# 3. Lists¶

This chapter will introduce you to the basic strategies for working with lists. The strategies provide functionality for composing and decomposing, sorting, filtering, mering as well as constructing new abstractions from basic lists, such as associative lists.

Every value in Stratego is a term. This is also the case for lists. You can write the list 1, 2, 3 as `Cons(1,Cons(2,Cons(3,Nil)))`, which is clearly a term. Fortunately, Stratego also provides some convenient syntactic sugar that makes lists more readable and easy to work with. We can write the same list as `[1,2,3]`, which will be desugared internally in the the term above.

## 3.1. Making heads and tails of it¶

The most fundamental operations on lists is the ability compose and decompose lists. In Stratego, list composition on “sugared” lists, that is, lists written in the sugared form, has some sugar of its own. Assume `xs` is the list `[1,2,3]`. The code `[0|xs]` will prepend a 0 to it, yielding [0,1,2,3]. List decomposition is done using the match operator. The code `![0,1,2,3] ; ?[y|ys]` will bind `y` to the head of the list, `0`, and `ys` to the tail of the list, `[1,2,3]`.

The module `collection/list` contains a lot of convenience functions for dealing with lists. (`collection/list` is contained in the `libstratego-lib` library.) For example, the strategy `elem` will check if a given value is in a list. If it is, the identity of the list will be returned.

```stratego> import libstratego-lib
stratego> <elem> (1, [2,3,1,4])
[2,3,1,4]
```

Continuing on the above Stratego Shell session, we can exercise some of the other strategies:

```stratego> <length> [1,2,3,4,5]
5
stratego> <last> [5,6,7,8,9]
9
stratego> <reverse> [1,2,3,4,5]
[5,4,3,2,1]
```

There are two strategies for concatenating lists. If the lists are given as a tuple, use `conc`. If you have a list of lists, use `concat`:

```stratego> <conc> ([1,2,3],[4,5,6],[7,8,9])
[1,2,3,4,5,6,7,8,9]
stratego> <concat> [[1,2,3],[4,5,6],[7,8,9]]
[1,2,3,4,5,6,7,8,9]
```

The sublist of the first n elements can be picked out with the `take(|n)` strategy:

```stratego> <take(|3)> [1,2,3,4,5]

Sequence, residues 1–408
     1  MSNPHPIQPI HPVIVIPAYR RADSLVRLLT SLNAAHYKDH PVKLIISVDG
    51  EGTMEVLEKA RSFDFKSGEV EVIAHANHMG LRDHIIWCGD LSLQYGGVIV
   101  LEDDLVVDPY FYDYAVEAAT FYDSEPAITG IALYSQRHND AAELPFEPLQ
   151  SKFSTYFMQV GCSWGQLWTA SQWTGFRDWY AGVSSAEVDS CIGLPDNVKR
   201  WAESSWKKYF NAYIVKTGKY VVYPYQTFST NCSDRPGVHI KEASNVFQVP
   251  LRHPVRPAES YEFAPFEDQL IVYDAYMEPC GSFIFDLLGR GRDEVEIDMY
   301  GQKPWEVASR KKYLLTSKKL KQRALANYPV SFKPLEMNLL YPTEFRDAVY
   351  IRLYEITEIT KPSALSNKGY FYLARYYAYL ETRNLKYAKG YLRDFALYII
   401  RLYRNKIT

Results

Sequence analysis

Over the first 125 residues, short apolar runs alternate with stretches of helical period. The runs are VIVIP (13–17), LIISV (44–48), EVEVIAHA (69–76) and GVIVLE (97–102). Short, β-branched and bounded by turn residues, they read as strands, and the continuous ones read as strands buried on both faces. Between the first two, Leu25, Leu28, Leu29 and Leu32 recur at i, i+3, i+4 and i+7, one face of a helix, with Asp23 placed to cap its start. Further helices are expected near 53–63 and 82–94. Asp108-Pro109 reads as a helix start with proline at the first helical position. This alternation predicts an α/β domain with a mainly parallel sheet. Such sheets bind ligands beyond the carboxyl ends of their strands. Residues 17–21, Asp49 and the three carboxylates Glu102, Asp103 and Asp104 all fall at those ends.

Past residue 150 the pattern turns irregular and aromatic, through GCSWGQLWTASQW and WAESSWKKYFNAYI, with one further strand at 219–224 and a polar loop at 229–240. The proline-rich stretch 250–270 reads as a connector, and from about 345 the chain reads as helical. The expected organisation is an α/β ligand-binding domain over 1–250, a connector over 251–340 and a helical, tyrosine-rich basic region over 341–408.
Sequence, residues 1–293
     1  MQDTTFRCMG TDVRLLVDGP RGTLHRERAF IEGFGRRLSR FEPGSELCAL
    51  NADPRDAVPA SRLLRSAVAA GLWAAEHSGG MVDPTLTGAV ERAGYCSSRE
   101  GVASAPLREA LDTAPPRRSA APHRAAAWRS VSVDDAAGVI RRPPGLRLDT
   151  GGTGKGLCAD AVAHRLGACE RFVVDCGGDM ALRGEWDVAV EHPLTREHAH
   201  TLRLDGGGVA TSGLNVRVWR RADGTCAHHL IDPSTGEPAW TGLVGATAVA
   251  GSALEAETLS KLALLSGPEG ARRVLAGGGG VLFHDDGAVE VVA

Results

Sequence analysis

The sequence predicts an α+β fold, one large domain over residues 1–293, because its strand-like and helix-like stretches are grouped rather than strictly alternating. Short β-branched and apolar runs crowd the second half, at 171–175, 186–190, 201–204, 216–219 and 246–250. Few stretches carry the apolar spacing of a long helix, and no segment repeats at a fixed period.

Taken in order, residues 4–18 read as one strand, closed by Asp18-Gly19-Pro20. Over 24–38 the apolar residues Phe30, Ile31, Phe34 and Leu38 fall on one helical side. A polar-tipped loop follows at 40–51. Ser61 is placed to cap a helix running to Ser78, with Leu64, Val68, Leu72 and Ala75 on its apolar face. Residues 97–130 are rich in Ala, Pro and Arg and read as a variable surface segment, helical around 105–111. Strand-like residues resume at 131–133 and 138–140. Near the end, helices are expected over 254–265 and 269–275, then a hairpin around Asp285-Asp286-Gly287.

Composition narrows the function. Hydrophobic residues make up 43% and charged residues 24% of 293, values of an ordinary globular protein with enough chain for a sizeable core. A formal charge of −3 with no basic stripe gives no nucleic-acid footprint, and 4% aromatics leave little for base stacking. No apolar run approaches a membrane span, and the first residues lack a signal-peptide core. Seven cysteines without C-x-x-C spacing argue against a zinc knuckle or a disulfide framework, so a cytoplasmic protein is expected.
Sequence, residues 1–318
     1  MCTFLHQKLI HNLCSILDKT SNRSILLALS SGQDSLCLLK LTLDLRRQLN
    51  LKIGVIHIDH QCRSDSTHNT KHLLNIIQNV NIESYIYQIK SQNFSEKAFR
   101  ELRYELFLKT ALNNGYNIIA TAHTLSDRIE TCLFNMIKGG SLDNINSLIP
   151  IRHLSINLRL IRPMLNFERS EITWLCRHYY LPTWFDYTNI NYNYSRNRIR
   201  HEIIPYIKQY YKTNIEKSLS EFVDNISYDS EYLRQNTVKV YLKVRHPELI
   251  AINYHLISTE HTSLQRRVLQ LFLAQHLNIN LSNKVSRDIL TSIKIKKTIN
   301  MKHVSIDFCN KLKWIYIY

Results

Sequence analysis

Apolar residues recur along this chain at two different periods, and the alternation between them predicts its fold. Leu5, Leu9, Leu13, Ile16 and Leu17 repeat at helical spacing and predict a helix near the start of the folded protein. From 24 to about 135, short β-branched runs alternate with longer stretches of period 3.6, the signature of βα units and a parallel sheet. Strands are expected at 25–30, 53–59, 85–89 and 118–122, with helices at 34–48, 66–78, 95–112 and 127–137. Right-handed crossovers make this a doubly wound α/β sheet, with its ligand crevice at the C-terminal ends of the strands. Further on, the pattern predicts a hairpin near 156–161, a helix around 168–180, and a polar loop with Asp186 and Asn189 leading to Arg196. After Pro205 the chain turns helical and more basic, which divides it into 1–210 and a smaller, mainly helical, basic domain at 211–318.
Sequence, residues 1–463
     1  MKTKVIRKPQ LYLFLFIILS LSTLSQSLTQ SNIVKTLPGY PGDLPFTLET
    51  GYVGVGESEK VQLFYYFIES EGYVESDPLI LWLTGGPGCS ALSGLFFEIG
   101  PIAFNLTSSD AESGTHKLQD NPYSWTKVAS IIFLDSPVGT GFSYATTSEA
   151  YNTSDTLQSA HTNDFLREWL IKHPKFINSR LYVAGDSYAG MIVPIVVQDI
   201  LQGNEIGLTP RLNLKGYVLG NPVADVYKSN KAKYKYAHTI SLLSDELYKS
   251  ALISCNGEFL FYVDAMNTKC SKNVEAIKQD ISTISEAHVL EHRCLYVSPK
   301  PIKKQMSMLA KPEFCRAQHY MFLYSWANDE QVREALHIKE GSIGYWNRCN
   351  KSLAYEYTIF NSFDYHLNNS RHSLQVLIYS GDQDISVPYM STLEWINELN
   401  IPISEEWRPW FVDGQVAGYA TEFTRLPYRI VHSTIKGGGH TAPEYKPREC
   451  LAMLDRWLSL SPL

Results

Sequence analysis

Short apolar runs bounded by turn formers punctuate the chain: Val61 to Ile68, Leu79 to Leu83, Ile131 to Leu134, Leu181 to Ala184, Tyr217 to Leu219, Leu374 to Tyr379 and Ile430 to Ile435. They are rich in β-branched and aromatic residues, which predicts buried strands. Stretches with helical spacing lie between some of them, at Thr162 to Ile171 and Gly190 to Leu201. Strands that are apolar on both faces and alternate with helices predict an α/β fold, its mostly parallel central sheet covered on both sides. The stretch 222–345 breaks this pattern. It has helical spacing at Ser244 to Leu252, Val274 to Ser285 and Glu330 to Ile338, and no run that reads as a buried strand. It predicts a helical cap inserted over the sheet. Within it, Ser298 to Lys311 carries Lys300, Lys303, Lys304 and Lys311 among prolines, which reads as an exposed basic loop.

[1,2,3]
```

Finally, the `fetch(s)` strategy can be used to find the first element for which `s` succeeds:

```stratego> <fetch(?2)> [1,2,3]
2
```

The Stratego library contains many other convenient functions, which are documented in the API documentation.

## 3.2. Sorting¶

The list sorting function is called `qsort(s)`, and implements the Quicksort algorithm. The strategy parameter `s` is the comparator function.

```stratego> <qsort(gt)> [2,3,5,1,9,7]
[9,7,5,3,2,1]
```

## 3.3. Associative Lists¶

Stratego also has library support for associative lists, sometimes known as assoc lists. There are essentially lists of `(key, value)` pairs, and work like a poor man’s hash table. The primary strategy for working with these lists is `lookup`. This strategy looks up the first value associated with a particular key, and returns it.

```stratego> <lookup> (2, [(1, "a"), (2, "b"), (3, "c")]) => "b"
```

## 3.4. Pairing Lists¶

The library also contains some useful strategies for combining multiple lists. The `cart(s)` strategy makes a Cartesian product of two lists. For each pair, the parameter strategy `s` will be called. In the second case below, each pair will be summed by `add`.

```stratego> <cart(id)> ([1,2,3],[4,5,6])
[(1,4),(1,5),(1,6),(2,4),(2,5),(2,6),(3,4),(3,5),(3,6)]
[5,6,7,6,7,8,7,8,9]
```

Two lists can be paired using `zip(s)`. It takes a tuple of two lists, and will successively pick out the head of the lists and pair them into a tuple, and apply `s` to the tuple. `zip` is equivalent to `zip(id)`.

```stratego> <zip> ([1,2,3],[4,5,6])
[(1,4),(2,5),(3,6)]
[5,6,7]
```

The inverse function of `zip` is `unzip`.

```stratego> <unzip> [(1,4),(2,5),(3,6)]
([1,2,3],[4,5,6])
```

There is also `unzip(s)` which like `unzip` takes a list of two-element tuples , and applies `s` to each tuple before unzipping them into two lists.